There’s probably not going to be a lot of new stuff written in the next few days, so I’ll be dipping into the archive of old reviews.
This one is from June 30, 2012 …
Review: Enemies: A History of the FBI, Tim Weiner, 2012.
Weiner’s book has one great strength. It rests entirely on on-the-record statements and recently declassified FBI documents. There is no questionable Bob Woodward secret sourcing going on.
Weiner’s book is also well-written and moves quickly – perhaps too quickly when one comes across an area where more detail is sought. However, that’s where the extensive footnotes come in with a great deal of the declassified documents to be found online. And this is, after all, a one volume history with a great deal of ground to cover: the existence of the FBI as a secret intelligence and security service. This book is not at all interested in the FBI investigating conventional crimes.
The FBI came into existence in July 1908 as the Bureau of Investigation in the Justice Department – after Congress had refused to appropriate money for keeping tabs on anarchists, foreign-born radicals, and politicians and developers looting public lands. In typical fashion, Theodore Roosevelt simply waited until Congress adjourned, dipped into a Justice Department’s expense account, and created the agency anyway. It was never created by a Federal charter and still doesn’t have one to this day. From its beginnings, it was there to gather intelligence on suspected and actual subversives.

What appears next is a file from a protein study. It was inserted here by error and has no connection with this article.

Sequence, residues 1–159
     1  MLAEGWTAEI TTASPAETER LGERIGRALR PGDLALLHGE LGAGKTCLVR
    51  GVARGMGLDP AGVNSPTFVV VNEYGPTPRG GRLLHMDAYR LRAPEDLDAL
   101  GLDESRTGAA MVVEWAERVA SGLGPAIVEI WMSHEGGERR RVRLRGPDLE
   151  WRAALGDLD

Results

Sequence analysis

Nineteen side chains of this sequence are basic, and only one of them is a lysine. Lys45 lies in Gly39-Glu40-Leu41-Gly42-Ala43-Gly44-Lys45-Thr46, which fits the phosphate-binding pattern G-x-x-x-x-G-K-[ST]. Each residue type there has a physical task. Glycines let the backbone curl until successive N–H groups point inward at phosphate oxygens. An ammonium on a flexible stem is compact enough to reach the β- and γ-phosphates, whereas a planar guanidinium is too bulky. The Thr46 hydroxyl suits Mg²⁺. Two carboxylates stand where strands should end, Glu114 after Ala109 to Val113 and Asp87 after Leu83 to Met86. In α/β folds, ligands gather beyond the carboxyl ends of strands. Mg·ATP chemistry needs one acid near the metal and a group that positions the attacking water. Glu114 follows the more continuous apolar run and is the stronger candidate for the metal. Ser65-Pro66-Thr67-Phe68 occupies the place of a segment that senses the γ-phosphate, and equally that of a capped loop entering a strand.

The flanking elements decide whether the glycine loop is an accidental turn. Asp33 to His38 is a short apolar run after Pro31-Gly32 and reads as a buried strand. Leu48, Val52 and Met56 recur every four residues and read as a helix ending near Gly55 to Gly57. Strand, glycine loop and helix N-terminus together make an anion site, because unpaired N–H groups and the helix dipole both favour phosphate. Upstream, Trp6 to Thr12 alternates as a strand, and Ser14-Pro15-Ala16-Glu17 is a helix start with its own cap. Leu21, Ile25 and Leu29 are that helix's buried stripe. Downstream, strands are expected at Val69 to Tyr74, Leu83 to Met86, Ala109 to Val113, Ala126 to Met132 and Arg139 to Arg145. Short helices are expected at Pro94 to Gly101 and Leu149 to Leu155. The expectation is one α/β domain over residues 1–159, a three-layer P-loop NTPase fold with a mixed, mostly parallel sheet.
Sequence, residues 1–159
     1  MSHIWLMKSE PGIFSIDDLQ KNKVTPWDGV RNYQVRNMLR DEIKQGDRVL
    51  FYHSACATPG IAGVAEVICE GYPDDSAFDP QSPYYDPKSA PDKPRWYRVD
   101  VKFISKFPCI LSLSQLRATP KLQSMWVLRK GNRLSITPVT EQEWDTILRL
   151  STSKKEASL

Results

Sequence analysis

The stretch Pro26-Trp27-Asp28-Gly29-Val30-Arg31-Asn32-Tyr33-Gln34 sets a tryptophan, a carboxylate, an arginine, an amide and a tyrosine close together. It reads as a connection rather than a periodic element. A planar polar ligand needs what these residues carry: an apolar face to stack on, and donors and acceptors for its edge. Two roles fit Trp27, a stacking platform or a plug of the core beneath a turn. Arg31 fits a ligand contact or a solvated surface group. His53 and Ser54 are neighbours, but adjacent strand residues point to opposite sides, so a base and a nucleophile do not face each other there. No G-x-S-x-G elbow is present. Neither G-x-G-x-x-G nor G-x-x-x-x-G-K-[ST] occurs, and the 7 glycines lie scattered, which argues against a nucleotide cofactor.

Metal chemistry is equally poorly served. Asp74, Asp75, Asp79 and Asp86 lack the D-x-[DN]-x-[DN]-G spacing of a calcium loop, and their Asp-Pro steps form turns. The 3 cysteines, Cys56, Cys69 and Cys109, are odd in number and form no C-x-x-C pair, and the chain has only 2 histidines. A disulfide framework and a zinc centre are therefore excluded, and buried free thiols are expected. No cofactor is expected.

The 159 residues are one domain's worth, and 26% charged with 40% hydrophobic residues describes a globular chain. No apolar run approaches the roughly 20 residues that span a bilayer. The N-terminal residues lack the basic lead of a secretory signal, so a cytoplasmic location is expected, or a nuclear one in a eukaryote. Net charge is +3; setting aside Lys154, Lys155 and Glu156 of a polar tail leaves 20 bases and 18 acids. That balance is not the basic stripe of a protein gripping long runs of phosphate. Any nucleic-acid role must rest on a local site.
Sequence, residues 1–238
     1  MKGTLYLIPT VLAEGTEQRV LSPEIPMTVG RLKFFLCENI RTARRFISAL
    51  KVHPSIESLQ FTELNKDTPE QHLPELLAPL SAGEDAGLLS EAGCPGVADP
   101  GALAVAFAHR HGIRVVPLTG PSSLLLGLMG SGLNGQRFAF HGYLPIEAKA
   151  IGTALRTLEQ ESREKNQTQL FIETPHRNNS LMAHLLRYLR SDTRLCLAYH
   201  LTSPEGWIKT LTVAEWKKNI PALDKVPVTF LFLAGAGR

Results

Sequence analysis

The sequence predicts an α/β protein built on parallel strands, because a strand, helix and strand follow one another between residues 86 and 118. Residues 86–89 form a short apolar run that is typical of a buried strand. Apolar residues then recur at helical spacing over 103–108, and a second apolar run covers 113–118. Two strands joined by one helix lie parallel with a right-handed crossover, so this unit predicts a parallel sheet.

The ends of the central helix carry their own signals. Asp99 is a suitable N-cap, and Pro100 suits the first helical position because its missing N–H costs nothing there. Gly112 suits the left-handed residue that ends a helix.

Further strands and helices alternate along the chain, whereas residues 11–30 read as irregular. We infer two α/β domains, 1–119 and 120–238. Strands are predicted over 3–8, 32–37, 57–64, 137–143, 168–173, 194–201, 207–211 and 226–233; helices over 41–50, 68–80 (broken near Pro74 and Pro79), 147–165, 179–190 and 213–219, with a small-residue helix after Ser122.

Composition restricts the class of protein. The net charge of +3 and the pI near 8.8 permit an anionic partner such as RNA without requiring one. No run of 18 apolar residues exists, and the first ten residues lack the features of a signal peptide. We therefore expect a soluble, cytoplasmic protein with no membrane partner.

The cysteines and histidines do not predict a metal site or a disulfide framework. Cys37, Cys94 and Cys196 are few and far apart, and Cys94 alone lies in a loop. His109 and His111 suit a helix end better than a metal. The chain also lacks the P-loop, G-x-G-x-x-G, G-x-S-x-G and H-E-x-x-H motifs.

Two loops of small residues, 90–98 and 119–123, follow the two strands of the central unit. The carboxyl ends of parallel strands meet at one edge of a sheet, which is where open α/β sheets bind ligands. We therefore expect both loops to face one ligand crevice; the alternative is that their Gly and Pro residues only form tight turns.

J. Edgar Hoover, the man synonymous with the FBI, joined the Justice Department in July 26, 1917 at age 22. At age 23, he was overseeing the thousands of Germans interned in government camps during World War One and surveillance of hundreds of thousands of U.S. residents. On August 1, 1919, the 24 year old Hoover was made head of the Justice Department’s new Radical Division which, under the guise of the 1917 Espionage Act – still on the books but rarely enforced – spied on thousands of Americans thought to be violent anarchists or members of a “Red” communist conspiracy. It was in the time of a massive Wall Street bombing and the attempted assassination of several government officials via mailed bombs. The government responded with the famous Palmer raids, massive arrests followed, in the case of the foreign-born citizens, by occasional deportation. But those raids were actually directed and organized by Hoover. Continue reading